The Director of Research and Services at the Central Agriculture Research Institute (CARI), Dr. Arthur Bob Karnuah has disclosed that his department has received a grant from the Food and Agriculture Organization (FAO) to collect/conduct baseline data on Liberia’s Animal Genetic Resources (AnGR).
From what has being gathered, the main objective of the project is to collect baseline data on the country’s animal genetic resources by undertaking a survey and characterization of indigenous and exotic breeds available (cattle, goats, sheep and pigs) and their production system in Liberia and to establish a national “Strategy Action Plan” to guide the proper management of these resources.
In the main time, the project also envisaged that this intervention will contribute to the rapid re-establishment and revitalization of the livestock sector to stream line research activities and production to enhance to smooth operation of the department.
Dr. Arthur B. Karnuah, Director of Livestock and Services at CARI narrated that upon his ascendency as head of the department it was quickly notice that there was a lock of scientific livestock data and information, along with the production system in Liberia.
He expressed thanks and gratitude to FAO for approving the grant and indicated that information gathered could be essential for the conservation and improvement of the genetic materials and will provide the necessary data needed by CARI, MOA and other stakeholders to carry out meaningful and sustainable livestock research and production programs to expand domestic livestock production and meet domestic demand.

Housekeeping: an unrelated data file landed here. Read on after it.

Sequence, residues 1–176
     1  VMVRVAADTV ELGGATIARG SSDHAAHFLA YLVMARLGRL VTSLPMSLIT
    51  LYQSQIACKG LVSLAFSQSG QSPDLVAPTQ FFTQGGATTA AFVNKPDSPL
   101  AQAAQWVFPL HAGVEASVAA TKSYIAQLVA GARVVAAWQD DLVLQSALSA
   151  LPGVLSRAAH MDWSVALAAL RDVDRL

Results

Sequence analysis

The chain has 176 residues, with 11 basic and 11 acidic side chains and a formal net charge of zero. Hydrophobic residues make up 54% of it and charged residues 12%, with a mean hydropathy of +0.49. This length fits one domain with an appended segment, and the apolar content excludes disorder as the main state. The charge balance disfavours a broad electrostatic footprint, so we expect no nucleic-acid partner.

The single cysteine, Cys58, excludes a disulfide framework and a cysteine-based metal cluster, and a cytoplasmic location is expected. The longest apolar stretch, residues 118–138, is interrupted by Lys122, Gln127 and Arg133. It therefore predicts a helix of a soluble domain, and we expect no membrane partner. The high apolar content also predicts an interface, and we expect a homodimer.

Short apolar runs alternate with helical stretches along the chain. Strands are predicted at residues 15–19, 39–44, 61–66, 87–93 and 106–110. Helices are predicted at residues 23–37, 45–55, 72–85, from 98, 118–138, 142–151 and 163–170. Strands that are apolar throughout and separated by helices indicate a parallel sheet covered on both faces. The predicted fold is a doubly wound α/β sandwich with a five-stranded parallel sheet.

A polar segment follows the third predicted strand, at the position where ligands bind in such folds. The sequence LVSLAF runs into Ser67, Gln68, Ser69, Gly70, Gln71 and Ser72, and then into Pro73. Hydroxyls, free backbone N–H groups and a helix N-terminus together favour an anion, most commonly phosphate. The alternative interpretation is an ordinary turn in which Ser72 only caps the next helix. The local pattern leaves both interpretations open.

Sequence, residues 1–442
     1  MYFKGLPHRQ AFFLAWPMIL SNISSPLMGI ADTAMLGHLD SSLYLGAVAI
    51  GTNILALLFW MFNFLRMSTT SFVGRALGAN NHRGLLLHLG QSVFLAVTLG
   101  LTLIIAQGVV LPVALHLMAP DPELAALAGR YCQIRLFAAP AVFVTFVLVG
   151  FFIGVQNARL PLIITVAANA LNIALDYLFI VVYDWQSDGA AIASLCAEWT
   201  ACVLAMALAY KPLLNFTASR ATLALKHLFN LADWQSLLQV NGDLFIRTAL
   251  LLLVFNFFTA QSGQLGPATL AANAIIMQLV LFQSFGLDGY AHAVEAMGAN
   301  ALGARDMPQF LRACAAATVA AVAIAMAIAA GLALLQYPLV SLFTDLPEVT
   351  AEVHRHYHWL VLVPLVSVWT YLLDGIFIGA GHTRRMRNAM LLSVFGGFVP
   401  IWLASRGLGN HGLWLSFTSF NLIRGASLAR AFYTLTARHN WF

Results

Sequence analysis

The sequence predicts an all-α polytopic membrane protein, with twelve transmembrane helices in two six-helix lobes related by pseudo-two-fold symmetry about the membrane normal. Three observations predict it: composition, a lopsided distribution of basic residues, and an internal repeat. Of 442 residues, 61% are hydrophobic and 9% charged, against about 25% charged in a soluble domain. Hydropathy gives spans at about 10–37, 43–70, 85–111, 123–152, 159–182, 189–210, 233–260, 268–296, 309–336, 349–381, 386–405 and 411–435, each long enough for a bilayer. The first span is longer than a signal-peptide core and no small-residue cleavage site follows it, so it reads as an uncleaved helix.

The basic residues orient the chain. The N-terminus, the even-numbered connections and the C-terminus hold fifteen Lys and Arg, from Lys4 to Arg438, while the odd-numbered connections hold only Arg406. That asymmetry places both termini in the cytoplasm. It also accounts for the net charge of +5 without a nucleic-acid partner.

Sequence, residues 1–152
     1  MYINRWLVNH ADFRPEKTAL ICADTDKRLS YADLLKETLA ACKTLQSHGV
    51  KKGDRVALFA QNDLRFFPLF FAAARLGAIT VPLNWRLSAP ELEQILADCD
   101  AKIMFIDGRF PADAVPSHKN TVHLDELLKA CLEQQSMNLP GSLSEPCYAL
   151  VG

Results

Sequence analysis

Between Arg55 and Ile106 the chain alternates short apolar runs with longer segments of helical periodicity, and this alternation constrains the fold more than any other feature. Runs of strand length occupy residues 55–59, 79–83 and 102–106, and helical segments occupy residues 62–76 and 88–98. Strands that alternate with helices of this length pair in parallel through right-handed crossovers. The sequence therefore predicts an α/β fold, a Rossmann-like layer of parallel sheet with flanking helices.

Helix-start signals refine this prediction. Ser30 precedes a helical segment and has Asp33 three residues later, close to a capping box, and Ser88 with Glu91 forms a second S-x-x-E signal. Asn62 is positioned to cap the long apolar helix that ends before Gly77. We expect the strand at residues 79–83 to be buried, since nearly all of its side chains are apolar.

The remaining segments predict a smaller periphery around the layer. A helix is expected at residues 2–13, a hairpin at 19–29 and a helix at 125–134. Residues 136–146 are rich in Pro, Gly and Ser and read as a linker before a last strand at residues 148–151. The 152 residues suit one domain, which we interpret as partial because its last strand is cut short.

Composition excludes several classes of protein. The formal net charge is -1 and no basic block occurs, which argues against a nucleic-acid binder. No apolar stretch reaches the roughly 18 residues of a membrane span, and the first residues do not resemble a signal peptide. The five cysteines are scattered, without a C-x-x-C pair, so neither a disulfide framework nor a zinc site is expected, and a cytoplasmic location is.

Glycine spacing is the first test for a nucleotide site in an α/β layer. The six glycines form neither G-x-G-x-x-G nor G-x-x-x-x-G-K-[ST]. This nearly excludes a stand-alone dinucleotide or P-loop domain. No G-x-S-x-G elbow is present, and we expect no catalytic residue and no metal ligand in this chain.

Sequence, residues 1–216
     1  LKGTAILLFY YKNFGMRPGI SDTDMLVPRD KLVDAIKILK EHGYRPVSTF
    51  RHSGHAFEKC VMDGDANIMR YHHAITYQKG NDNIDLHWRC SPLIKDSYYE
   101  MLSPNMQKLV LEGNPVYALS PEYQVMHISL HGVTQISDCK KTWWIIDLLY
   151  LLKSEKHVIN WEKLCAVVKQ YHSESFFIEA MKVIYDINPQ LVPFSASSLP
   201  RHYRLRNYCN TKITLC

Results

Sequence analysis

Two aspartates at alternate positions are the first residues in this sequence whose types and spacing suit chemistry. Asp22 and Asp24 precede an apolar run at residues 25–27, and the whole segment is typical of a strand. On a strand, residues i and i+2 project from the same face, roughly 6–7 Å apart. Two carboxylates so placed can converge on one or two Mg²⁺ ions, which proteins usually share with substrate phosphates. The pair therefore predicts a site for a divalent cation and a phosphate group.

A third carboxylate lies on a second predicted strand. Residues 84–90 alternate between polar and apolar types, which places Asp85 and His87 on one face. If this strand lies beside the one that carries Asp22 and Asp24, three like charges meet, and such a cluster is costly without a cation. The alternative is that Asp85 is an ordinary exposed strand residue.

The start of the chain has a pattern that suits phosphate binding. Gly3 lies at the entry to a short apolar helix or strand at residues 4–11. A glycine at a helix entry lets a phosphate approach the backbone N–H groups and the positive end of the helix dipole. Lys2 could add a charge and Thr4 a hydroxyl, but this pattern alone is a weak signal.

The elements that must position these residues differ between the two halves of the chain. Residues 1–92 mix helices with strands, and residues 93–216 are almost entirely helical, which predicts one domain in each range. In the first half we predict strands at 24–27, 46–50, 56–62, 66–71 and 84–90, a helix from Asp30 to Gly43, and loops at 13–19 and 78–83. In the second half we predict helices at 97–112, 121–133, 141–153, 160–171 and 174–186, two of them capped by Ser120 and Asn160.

“Based on the rationale and lack of livestock data, the department under my supervision wrote and submitted a project proposal to FAO/Liberia for funding. I am pleased to mention that the proposal was accepted for funding under the Technical Cooperation Program (TCP)”.
Particularly, Dr. Karnuah noted, the Livestock Division at CARI will be the main beneficiary of the project along with the National Livestock Bureau and the Technical Services Department of the Ministry of Agriculture (MOA). Also the NGOs in Liberia that are working within the livestock sector will be benefited. The community identified to implement the CBBP will benefit through improved management their goat AnGR, leading to increased productivity and greater genetic diversity. Lessons learned from the CBBP will eventually benefit other similar communities that will adopt the CBBP.
Accordingly, the project has three main components and will also guide policy decision to achieve food security, poverty reduction and reduction of dependency on food imports, especially meat. The envisaged impacts of the project are in line with the objectives of the Government of Liberia through the LASIP as well as FAO through the CPF and UNDAF.
The Livestock Department Head and former Research Scientist at the Department of Poultry Science, University of Georgia said the first component of the FAO grant agreement will be an exploratory approach, while a survey will be conducted in all 15 counties aimed at characterizing livestock breeds and the production systems. This information will provide a basis for development of animal genetic resources characterization plan.